Improving application performance – why, how ?

I’m working on a presentation on performance, for some university students, and I thought it would be worth blogging some of the content.

I had presented on what it was like working in industry, compared to working in a university environment. I explained what it is like working in a financial institutions; where you have 10,000 transactions a second, transactions response time is measured in 10s of milliseconds, and if you are down for a day you are out of business. After this they asked how you tune the applications and systems at this level of work.

Do you need to do performance tuning?

Like many questions about performance the answer is it depends….. it comes down to cost benefit analysis. How much CPU (or money) will you save if you do analysis and tuning. You could work for a month and save a couple of hundred pounds. You could work for a day and find CPU savings which means you do not need to upgrade your systems, and so save lots of money.

It is not usually worth doing performance analysis on programs which run infrequently, or are of short duration.

Obvious statements

When I joined the performance team, the previous person in the role had left a month before, and the hand over documentation was very limited. After a week or so making tentative steps into understanding work, I came to the realise the following (obvious once you think about it) statements

  • A piece of work is either using CPU or is waiting.
  • To reduce the time a piece of work takes you can either reduce the CPU used, or reduce the waiting time.
  • To reduce the CPU you need to reduce the CPU used.
  • The best I/O is no I/O
  • Caching of expensive operations can save you a lot.


In the description below I’ll cover the moderately a simple case, and also the case where there are concurrent threads accessing data.

Concurrent activity

When you have more than one thread in your application you will need to worry about data consistency. There are locks and latches

  • Locks tend to be “long running” – from milliseconds to seconds. For example you lock a database record while updating it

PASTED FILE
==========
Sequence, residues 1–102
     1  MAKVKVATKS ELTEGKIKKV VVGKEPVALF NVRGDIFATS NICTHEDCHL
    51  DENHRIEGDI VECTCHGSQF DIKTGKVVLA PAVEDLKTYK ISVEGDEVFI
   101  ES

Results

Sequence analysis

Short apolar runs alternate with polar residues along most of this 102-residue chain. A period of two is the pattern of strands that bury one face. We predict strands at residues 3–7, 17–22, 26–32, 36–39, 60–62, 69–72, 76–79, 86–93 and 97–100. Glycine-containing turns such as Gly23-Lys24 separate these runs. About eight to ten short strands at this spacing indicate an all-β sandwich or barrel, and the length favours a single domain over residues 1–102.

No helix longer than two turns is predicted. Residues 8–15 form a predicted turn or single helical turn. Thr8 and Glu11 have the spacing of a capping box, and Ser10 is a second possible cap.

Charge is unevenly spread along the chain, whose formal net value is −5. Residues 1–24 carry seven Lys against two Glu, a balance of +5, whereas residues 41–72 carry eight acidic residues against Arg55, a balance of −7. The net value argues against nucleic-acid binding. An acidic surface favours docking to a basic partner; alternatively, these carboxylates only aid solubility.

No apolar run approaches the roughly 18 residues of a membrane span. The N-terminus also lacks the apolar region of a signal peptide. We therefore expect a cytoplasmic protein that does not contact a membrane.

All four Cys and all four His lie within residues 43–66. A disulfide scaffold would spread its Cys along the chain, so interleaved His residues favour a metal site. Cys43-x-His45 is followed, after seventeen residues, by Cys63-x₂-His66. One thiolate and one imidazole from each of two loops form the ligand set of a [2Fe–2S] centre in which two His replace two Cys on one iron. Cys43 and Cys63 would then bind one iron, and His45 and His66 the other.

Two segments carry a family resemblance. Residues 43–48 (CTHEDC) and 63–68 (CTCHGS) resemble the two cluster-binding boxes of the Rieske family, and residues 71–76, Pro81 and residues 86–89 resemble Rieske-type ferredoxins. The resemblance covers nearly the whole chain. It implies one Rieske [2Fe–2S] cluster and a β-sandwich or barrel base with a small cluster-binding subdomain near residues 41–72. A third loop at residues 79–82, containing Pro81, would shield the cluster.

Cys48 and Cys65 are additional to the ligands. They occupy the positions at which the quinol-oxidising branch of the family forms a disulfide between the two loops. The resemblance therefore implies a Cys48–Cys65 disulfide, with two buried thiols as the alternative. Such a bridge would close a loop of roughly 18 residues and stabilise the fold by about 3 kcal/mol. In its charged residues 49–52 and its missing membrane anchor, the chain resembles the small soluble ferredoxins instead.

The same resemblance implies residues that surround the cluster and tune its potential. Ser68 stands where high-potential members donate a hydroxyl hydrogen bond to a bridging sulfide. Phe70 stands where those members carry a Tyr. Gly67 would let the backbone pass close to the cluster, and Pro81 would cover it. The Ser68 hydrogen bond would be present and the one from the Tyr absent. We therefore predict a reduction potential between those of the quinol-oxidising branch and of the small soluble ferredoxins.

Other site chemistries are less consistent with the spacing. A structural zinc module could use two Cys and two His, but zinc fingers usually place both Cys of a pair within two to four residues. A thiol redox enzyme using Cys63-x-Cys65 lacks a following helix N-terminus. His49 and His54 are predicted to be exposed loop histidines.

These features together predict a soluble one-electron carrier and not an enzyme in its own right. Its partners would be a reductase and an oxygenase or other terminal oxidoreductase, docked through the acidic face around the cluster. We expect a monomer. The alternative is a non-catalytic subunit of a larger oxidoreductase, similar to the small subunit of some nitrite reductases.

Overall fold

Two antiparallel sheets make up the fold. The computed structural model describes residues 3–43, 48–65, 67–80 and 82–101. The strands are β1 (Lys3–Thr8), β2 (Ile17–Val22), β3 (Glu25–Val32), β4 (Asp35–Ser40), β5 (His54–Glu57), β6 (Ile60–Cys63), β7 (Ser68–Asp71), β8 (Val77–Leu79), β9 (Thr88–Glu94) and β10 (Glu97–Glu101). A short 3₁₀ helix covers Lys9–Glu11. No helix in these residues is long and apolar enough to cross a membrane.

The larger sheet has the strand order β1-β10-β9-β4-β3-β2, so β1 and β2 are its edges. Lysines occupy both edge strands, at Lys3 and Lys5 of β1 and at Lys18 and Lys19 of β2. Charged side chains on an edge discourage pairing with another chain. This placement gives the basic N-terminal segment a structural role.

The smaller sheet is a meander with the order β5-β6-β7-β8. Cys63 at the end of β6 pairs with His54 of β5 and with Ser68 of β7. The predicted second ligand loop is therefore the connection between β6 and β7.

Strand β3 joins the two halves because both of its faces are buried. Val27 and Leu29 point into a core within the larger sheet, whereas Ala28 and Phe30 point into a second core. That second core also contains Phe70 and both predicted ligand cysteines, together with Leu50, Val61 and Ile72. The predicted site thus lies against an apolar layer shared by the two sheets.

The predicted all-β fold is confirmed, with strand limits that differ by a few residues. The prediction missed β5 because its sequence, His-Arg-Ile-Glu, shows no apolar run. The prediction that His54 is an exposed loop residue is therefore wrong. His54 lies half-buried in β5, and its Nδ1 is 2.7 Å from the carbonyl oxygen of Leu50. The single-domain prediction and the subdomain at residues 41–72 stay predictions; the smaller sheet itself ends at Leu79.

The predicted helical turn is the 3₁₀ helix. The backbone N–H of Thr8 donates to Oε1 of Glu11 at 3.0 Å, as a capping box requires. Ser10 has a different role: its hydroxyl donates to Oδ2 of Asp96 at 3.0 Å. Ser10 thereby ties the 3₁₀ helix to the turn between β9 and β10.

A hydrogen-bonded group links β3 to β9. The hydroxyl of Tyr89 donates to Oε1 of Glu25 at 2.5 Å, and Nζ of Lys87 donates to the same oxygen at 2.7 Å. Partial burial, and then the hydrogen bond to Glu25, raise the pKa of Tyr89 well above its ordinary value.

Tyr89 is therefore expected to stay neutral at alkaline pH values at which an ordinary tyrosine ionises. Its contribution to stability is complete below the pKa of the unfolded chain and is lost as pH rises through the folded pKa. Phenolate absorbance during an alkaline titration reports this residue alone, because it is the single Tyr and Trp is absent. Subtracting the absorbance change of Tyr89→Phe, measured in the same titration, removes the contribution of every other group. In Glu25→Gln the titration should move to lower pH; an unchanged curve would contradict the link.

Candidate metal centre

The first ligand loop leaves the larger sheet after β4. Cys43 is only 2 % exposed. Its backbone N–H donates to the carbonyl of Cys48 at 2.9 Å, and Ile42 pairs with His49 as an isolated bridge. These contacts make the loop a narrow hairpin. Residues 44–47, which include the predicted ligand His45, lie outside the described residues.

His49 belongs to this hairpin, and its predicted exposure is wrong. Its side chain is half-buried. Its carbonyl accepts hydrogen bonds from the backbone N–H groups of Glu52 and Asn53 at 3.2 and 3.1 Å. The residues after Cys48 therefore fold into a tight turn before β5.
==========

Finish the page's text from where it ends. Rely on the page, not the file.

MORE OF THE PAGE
• Latches tend to be held across a block of code, for example manipulation of lists and updating pointers.

Storing data in memory

There are different ways of storing data in memory, from arrays, hash tables to binary trees. Some are easy to use, some have good performance.

Consider having a list of 10,000 names, which you have to maintain.


An array is a contiguous block of memory with elements of the same size. To locate an element you calculate the offset “number of element” * size of element.

If the list is not sorted, you have to iterate over the array to find the element of interest.

If the list is sorted, you can do a binary search, for example if the array has 1000 elements, first check element 500, and see if the value is higher or lower, then select element 250 etc.

An array is easy to use, but the size is inflexible; to change the size of the array you have to allocate a new array, copy old to new, release old.

Single Linked list

This is a chain of elements, where each element points to the next, the there is a pointer to the start of the chain, and something to say end of chain ( often “next” is 0).

This is flexible, in that you can easily add elements, but to find an element you have to search along the chain and so this is not suitable for long chains.

You cannot easily delete an element from the chain.

If you have A->B->D->Q. You can add a new element G, by setting G->Q, and D->G. If there are multiple threads you need to do this under a latch.

Doubly linked lists

This is like a single linked list, but you have a back chain as well. This allows you to easily delete an element. To add an element you have to update 4 pointers.

This is a flexible list where you can add and remove element, but you have to scan it sequentially to find the element of interest, and so is not suitable for long chains.

If there are multiple threads you need to do this under a latch.

Hash tables

Hash tables are a combination of array and linked lists.

You allocate an array of suitable size, for example 4096. You hash the key to a value between 0 and 4095 and use this as the index into the array. The value of the array is a linked list of elements with the same hash value, which you scan to find the element of interest.